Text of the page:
But All is Not Magical in the World of Small Teams

As with all organizational approaches, there are trade-offs. The biggest challenge inherent in small teams is in executing big sweeping changes across the entire product. We have around 20 teams working on our core product, depending on how you account for things. When we want to do something as simple as change the skin of our overall product, it's much harder than it would be if we were one big team with a more traditional, hierarchical structure. Don't even get me started on the challenge of something like introducing user-customizable access-level controls.

A small variation on this sweeping change challenge is simply keeping all of the teams aligned and focused on a consistent user experience. It's not uncommon for one team to be ahead of another team on a particular shared product element. This can lead to a disjointed user experience if it's not managed carefully. The fact that our Product Team is located in two offices, on two different continents, can exacerbate this challenge substantially.

We've tackled these challenges in a few different ways and are always learning what works and what doesn’t. Mostly, we invest heavily in communication on multiple levels to keep teams talking and we focus on ensuring that we have DRIs (directly responsible individuals) for everything. In particular, we lean on Designers and PMs from different teams to be connecting and staying aligned. If a team needs extra support, a manager will step in and help them get unstuck. We don't outline a particular solution -- we just identify the problem and push the teams to solve it. The bottom line is everyone needs to know what their counterparts are working on and where they are headed. This doesn't mean we have schedules full of status meetings. We just talk to each other... a lot.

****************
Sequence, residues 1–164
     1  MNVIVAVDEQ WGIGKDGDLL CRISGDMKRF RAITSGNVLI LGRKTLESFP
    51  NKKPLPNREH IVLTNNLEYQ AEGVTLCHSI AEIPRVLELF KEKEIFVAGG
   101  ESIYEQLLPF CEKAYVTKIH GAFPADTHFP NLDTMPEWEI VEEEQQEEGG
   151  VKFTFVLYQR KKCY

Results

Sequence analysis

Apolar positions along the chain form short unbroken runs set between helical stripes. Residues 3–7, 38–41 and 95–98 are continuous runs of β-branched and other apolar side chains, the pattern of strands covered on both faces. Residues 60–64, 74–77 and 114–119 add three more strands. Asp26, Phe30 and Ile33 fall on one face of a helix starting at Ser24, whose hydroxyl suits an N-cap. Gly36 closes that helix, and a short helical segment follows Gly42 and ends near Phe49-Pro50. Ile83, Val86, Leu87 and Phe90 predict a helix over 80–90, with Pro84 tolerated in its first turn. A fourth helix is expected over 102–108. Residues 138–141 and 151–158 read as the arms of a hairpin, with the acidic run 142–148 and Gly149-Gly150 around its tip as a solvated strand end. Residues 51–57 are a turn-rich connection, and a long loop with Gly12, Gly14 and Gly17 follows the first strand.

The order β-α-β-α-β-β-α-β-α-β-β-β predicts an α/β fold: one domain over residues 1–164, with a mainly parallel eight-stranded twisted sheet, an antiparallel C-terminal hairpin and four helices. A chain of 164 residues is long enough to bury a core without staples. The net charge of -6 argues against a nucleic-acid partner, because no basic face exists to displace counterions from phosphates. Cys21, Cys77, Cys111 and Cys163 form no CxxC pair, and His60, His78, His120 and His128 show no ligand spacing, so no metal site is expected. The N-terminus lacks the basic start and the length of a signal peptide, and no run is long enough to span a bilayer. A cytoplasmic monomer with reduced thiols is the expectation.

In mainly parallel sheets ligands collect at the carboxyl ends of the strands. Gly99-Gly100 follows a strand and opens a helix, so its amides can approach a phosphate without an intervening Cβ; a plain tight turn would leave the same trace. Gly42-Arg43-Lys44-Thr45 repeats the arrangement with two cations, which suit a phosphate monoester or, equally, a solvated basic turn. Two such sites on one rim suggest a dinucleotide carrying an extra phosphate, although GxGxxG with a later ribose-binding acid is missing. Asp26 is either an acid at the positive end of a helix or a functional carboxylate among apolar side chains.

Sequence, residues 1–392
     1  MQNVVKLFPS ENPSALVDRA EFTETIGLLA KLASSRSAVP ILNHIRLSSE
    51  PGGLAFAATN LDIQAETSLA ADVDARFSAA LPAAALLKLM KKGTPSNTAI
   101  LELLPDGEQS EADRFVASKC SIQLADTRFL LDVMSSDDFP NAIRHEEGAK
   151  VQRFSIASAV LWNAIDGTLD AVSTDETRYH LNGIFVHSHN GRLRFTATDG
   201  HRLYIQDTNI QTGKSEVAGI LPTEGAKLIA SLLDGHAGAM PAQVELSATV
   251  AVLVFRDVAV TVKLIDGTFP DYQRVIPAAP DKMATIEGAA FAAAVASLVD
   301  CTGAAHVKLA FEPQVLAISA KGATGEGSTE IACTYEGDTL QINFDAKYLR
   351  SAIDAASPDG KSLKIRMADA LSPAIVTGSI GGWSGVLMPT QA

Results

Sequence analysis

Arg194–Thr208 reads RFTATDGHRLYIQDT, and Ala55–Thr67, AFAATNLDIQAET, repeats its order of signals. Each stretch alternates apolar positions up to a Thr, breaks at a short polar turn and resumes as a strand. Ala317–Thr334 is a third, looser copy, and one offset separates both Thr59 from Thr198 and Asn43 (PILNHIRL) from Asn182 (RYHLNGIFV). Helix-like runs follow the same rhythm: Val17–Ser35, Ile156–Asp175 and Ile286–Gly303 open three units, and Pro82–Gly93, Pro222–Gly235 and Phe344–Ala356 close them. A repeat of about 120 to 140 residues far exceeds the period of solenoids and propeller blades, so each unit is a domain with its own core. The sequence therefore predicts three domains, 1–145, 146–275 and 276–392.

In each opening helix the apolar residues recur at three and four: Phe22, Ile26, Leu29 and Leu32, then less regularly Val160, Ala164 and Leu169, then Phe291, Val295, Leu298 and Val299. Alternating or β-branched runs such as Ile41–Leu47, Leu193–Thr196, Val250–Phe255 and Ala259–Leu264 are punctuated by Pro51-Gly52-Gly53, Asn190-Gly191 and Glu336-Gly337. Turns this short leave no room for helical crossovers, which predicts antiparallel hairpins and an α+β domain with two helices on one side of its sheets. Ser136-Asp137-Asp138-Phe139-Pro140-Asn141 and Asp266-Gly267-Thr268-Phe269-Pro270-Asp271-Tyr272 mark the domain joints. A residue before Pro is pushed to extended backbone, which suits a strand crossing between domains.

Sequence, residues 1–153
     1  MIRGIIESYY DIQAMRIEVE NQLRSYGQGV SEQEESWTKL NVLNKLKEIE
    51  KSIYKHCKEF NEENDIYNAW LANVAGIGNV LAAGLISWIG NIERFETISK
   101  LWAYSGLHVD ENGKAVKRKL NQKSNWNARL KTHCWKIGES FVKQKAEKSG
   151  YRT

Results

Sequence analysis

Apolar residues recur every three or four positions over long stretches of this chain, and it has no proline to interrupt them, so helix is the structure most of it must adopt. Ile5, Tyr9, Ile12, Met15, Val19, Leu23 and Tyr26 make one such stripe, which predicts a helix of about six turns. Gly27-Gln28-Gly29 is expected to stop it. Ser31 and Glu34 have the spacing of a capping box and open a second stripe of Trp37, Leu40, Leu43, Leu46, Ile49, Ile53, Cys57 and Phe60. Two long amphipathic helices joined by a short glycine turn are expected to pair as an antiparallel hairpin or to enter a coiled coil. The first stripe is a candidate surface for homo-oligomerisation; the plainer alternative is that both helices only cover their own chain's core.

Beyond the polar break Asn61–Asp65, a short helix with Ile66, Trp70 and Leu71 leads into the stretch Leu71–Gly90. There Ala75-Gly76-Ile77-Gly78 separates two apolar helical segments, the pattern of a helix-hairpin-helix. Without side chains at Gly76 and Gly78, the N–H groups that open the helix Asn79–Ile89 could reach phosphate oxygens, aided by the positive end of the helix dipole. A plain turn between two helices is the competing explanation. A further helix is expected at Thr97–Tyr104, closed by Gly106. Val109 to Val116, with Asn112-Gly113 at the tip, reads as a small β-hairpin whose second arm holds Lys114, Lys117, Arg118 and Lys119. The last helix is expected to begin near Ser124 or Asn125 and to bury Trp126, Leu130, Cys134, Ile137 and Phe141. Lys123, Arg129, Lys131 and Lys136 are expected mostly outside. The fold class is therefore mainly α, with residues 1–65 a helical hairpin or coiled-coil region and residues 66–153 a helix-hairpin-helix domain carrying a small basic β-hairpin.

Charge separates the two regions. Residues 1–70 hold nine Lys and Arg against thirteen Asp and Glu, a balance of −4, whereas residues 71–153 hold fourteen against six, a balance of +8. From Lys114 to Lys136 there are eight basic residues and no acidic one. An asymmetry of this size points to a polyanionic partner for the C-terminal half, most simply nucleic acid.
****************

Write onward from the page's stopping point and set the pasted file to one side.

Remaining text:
While it's easier for small teams to come together with a shared mission, the condition of this benefit is that every member of the team needs to be a good culture fit. A single personality mismatch can spell disaster for a small team. Twitter_logo_small We spend an obscene amount of time at HubSpot thinking about what types of people complement each others' skills and who works well together. We also move very quickly to make changes when it's clearly needed. Deeply understanding the people on your teams -- their skills, their motivations, their drive -- is critical in this environment.

Finally, we are growing like crazy and are constantly hiring new developers. This means that we need to find ways to create new teams without disrupting all of the important cultural components. What we've arrived at is a method of requiring a sort of mitosis of our existing teams. We ensure that newbies are paired with old timers so that they can get infected with the HubSpot approach to product development. Just like organs in the body, we need each of our teams to be able to function with other teams even as they excel in their own focus area.

In the end, it all comes down to the people. That's why we put so much energy into building and cultivating our teams.  

Figgering on Biggering

There is no one-size-fits-all team or organization. The structure of your teams should be such that the most important outcome comes naturally to your organization, then you can put your energy into everything else. At HubSpot, we value speed of innovation and ownership above all. This means that we have to put serious energy into some things that don't come naturally to us. So be it. That's how we all grow.

The bottom line is that, for us, small teams are the path to successful and sustainable growth. And that's the kind of “biggering” even the Truffula trees might be happy about.